In 1957, Menzies asked Britain’s most influential planner, Sir William Holford, to provide advice to the Commonwealth, especially on the development of the parliamentary triangle. While the Senate inquiry’s report had argued for the Capital Hill site for parliament, it was Holford who recommended the development of the lake. He believed that its symbolic, functional and visual centrality made it the prime site for the new Parliament House and its related buildings. The NCDC affirmed these principles in its Report on Sir William Holford’s Observations on the Future Development of Canberra.

Holford was silent on the matter of the library site. The talk of the day had become rather more pragmatic, and one prevailing view was that the National Library should “take over Provisional [Old] Parliament House when the parliament transfers to its permanent home.” The speaker of the House of Representatives and the president of the Senate had first recommended this in 1956, in a private submission to Menzies on “The Case for a Permanent Parliament House,” which was discovered among White’s papers. Menzies had succumbed, despite the persistent advocacy of White and his cohort of supporters for a new, grand building.

From June to August 1958, Alister McMullin, president of the Senate and chair of the Parliamentary Library Committee, John McLeay, speaker of the House of Representatives, and members of the Library Committee vehemently supported Harold White in an exchange of letters with Menzies. They urged the prime minister, as a matter of urgency, to separate the National Library’s governance, collections, staff and records from the Parliamentary Library, to bring the 1952 plans for a new National Library building up to date, and to agree on a suitable site.

Later, in a 1967 speech, Harold White recounted just how long a suitable library building had been in the offing. It dated back to the ceremony presided over by prime minister Joe Lyons on 24 November 1934, when governor-general Sir Isaac Isaacs and the British poet laureate John Masefield laid the foundation stones for the first Library building in Kings Avenue. Christine Fernon recounted this epic story in National Library News on the fortieth anniversary of the building: in Harold White’s words, the library “staggered out of the Wilderness.”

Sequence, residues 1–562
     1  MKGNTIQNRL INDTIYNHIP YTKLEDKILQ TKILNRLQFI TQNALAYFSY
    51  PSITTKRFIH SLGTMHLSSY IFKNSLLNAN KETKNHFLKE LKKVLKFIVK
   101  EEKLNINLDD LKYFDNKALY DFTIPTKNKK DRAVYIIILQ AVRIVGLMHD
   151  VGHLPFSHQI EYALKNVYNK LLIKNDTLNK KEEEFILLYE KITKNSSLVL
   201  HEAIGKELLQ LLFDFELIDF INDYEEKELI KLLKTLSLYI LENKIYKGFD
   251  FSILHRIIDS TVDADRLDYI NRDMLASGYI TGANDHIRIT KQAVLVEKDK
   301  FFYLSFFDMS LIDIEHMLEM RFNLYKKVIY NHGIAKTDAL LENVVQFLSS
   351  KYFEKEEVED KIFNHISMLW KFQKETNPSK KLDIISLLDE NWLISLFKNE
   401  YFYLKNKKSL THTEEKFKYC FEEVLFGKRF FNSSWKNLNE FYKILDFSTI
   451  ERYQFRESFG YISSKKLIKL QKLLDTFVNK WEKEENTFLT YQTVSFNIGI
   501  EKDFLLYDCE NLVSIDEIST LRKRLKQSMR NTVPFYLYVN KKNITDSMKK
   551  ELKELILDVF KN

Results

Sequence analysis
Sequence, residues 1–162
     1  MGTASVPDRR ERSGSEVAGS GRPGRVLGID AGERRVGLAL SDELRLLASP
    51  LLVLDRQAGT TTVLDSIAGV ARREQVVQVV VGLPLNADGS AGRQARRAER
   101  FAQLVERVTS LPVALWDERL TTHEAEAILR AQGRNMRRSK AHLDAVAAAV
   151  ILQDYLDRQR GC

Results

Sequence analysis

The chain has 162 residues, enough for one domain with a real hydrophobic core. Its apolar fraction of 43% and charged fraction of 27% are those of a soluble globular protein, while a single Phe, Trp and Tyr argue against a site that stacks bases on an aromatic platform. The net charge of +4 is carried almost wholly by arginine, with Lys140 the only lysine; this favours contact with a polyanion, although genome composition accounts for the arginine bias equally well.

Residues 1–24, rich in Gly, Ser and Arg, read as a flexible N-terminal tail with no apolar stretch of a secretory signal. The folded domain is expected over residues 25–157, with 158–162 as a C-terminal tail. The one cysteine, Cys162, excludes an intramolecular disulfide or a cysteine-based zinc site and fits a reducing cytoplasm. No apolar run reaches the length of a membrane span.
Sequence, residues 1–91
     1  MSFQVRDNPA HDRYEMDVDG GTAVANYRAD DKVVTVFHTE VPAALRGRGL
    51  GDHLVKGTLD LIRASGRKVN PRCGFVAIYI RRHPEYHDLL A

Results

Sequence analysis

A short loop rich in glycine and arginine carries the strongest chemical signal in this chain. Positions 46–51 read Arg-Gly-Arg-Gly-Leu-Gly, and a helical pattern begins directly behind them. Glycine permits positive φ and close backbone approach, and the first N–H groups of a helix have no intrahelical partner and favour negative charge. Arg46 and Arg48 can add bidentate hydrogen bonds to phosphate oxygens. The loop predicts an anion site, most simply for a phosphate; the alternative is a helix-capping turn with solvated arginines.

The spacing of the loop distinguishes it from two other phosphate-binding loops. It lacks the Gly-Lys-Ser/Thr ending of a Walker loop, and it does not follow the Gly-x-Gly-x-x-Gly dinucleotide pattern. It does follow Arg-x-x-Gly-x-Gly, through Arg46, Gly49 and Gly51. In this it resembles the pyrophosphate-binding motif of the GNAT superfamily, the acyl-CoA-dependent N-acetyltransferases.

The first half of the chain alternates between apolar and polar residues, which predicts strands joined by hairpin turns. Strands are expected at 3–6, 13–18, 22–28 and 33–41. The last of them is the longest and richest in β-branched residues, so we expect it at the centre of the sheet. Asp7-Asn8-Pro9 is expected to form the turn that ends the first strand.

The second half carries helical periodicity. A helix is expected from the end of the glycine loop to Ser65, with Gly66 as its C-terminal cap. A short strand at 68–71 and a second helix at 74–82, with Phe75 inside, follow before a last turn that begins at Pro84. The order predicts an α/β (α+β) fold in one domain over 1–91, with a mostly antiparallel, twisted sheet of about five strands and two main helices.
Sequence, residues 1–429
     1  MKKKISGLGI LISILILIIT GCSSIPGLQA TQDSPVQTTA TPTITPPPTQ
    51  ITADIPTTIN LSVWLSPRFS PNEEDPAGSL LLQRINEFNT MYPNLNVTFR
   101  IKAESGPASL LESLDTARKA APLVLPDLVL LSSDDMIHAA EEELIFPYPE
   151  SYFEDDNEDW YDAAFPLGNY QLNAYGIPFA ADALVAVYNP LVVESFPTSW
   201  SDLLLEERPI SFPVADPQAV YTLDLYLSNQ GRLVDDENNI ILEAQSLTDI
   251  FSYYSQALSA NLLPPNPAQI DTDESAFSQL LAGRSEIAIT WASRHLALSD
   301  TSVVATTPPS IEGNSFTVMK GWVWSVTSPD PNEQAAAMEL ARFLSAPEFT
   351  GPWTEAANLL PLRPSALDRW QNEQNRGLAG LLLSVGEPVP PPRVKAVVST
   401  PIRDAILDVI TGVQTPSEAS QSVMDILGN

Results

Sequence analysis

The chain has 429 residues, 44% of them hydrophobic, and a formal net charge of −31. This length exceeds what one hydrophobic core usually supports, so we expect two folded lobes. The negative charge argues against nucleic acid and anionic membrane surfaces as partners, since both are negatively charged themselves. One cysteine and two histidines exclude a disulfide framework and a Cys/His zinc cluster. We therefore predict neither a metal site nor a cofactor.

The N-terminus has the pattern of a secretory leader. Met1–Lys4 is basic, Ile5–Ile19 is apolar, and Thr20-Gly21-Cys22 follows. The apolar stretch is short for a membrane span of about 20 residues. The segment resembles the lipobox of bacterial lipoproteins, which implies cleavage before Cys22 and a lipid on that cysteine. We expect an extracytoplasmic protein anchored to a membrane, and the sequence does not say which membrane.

By 1959, cabinet had agreed that the commencement of a National Library building could be included in the NCDC’s plans, but only in the latter part of its five-year planning period. In 1960, cabinet still took the view “that it would not be appropriate… for the Government to give an indication of adding a new and substantial library building to the Canberra programme.”

What changed Menzies’s mind between then and August 1961, when he himself brought a submission to cabinet at the request of the Library Council? Almost certainly he had private meetings about the matter. Sir John Overall reported that Library Council chair Sir Archibald Grenfell Price had a long conversation with the prime minister about the building. “He reported a sympathetic hearing,” observed Overall. “It was agreed that preliminary planning should proceed, to the extent of defining a program and establishing the site.” Cabinet finally gave in on 12 September 1961 in response to Menzies’s submission. It agreed to appoint an architect to design the building and prepare working drawings, although it made no commitment beyond approval of the initial design phase.


Menzies clearly intervened personally and abruptly in the decision to bring forward the National Library building in the NCDC’s plans and priorities, as well as to escalate the size, scope and splendour of the building on the prestige site where it stands today.

While the official records document the decisions, the behind-the-scenes story of why and how Menzies influenced the planning is never quite revealed, leaving some elements to speculation and imagination. Manuscript collections, cabinet papers, submissions and committee minutes, unpublished reports, architectural plans, building specifications: all can be scoured to piece together the official sequence of events. But it is oral histories that fill in some of the gaps and add personal nuance to the story.

Peter Biskup’s interview in 1988 with Dan Sprod, the library’s liaison officer for the building project at the time, and later chief librarian at the University of Tasmania, is the most potent source for details of Menzies’s intervention. Despite the distance of time and a slightly faltering memory, Sprod recalled the development of the architectural briefs for the building, in which “Harold was up to… his ears” advocating for a large building that would accommodate long-term collection expansion. Sprod observes, however, that the NCDC “was trying to cut us down to the bare bones, and instead of a grand building, we were going to have a very utilitarian building [perhaps on a different site].”